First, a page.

[tdwg-content] DwC taxonomic terms

"Markus Döring (GBIF)" mdoering at gbif.org
Wed Aug 26 10:28:08 CEST 2009

>> Stan,
>> Im not sure if I understand you correctly when saying we should
>> differentiate between describing taxa and using them for
>> identifications. Do you suggest to have a completely seperate set of
>> terms for the two purposes?
> Taxon(Concept)ID would be the same in both contexts, description and  
> identification.  My point was that TaxonNameID should NOT be  
> included in an identification.  Include the name, yes, along with  
> nameAuthor, date, accordingTo elements, but not the NameID.  They  
> are all just strings to be processed in determining what taxonomic  
> concept was intended. I think a TaxonNameID is useful only in  
> documenting the derivation of names (if it's useful at all).  That  
> could be an extreme view, but I tossed it out to see if other agreed  
> or not.
agreed. A name id to me only is good to link to a richer definition at  
nomenclators, an IPNI lsid for example. But Im not sure if that is  
adding any value to a taxon definition or even identification

>> In case we have 2 ID terms, one for the name (scientificNameID) and
>> one for the concept (taxonConceptID), this maps nicely to TCS. The
>> reason why we favoured nameUsageID over taxonID was that a taxon by
>> definition is accepted.
> In the context of an identification, yes, a taxon is asserted to be  
> valid/accepted by the identifier (at the time), but not all  
> identifications are accepted by the data manager, so that last  
> statement isn't always true.  Also not all taxa are accepted/valid  
> within a classification (if it includes synonymous taxa).
> I think "nameUsageID" is too obscure for general use.  It makes  
> sense, but only after understanding the "name-according-to"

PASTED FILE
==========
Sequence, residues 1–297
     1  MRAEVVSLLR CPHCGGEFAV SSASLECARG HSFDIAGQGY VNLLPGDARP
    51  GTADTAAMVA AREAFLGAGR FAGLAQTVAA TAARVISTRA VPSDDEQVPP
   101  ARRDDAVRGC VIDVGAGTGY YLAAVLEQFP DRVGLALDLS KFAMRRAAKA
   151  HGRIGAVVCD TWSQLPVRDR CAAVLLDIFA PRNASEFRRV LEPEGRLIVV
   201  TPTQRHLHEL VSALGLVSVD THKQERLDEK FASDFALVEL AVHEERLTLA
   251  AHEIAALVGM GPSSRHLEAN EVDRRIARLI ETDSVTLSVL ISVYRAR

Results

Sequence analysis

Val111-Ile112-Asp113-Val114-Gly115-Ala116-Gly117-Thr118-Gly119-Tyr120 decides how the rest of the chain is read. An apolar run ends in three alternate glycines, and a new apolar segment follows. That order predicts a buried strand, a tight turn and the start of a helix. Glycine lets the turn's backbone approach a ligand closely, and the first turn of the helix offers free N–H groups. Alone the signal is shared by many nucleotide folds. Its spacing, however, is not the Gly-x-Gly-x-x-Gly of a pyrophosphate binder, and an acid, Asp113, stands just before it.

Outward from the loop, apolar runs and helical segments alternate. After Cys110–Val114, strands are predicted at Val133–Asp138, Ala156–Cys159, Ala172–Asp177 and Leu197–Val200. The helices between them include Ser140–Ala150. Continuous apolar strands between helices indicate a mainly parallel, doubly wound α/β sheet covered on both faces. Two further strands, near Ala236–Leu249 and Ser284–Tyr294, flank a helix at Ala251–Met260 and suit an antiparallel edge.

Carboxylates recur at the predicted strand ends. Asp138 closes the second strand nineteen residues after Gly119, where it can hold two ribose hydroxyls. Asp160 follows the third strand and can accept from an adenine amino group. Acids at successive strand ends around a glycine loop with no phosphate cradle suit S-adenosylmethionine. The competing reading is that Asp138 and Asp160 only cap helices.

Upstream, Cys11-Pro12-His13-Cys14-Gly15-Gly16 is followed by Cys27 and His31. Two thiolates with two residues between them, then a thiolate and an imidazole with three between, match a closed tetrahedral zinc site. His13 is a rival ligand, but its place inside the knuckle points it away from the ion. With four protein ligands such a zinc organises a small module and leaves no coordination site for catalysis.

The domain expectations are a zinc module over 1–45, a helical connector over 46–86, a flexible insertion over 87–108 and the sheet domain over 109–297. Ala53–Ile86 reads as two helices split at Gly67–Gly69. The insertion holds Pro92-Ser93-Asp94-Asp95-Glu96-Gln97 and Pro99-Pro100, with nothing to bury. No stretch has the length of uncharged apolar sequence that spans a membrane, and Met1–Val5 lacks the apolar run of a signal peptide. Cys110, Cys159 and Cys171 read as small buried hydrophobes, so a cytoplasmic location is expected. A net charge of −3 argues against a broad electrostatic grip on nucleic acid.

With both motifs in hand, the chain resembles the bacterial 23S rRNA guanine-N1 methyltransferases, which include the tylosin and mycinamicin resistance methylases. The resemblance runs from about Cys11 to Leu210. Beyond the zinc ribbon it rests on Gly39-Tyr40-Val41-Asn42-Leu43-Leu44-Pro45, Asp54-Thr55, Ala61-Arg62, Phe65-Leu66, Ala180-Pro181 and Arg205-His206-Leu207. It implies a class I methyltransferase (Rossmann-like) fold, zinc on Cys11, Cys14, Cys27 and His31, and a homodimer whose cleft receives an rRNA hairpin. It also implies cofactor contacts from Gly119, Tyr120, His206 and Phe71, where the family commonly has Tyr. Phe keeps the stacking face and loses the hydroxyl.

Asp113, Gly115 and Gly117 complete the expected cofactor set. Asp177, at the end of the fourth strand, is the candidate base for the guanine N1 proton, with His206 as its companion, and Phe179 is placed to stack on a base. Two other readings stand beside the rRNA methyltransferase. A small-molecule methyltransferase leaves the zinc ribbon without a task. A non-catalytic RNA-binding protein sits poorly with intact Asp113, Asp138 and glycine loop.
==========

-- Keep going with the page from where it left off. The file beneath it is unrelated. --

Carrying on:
> concept.  I think TaxonID along with (and therefore different from)  
> TaxonNameID make a better combination.  TaxonConceptID also works  
> well.
>> And it would therefore be awkward to use this
>> term as the ID for a synonym or misapplied name - unless it refers to
>> the accepted taxon and is not a "primary key". If we call it
>> taxonConceptID this might be less of a problem. TCS does the same and
>> uses the taxon concept ID as a primary key for classic synonyms aka
>> nominal taxon concepts.
> I don't follow the "primary key" point, but I think we agree about  
> the taxonConceptID as the preferred (or acceptable) name for this  
> term.
by primary key I meant uniqueness for every record in a taxonomic  
dataset that also includes synonyms and other non accepted "taxa".  
Some people would argue a synonym doesnt have a concept and therefore  
only accepted taxa have a taxonID. If we agree that this is not the  
case then all is fine and I would actually prefer to stick with  
taxonID instead of the unneccessary longer  taxonConceptID.

>> My biggest concern with going for actually two classes (name & taxon
>> concept) and having 2 IDs for them is what do other ID terms like
>> originalNameID, higherTaxonID, acceptedTaxonID refer to? It might
>> cause confusion in case the IDs are not GUIDs - which I think we will
>> have to still live with for quite some time. On the other hand this
>> might be the price to pay for being exact and the terms quite clearly
>> are called either xxxNameID or xxxTaxonID...
> If we are moving from distributed query to harvesting and querying  
> against a large integrated repository, the need for most of the  
> higher taxonomic names goes away.  We put them in the original DwC  
> to support querying.  In a large integrated repository, the higher  
> classification used by the provider will be stripped off, won't it?   
> All that will matter is the lowest level (most precise) taxon used  
> in the identification(s).
the higher classification is very useful for both occurrence  
identifications and a taxonomic dataset. In both cases it helps  
identifying canonical homonyms.
And for the taxonomic datasets the classification is a central part of  
the infromation. Having explicit terms for higher ranks like  
dwc:kingdom, dwc:higherTaxon for the verbatim name string of a higher  
taxon at any rank and dwc:higherTaxonID to use unique ids to transmit  
this hierarchy are just several options for the same thing. It helps  
the publishers while the consumers have to deal with more complexity,  
but to a tolerable degree I would think. In my applications so far I  
tend to implement a precedence higherTaxonID > higherTaxon > KPCOFGS  
in case several of those terms are present.

> Are we still trying to support the distributed query function?
> -Stan
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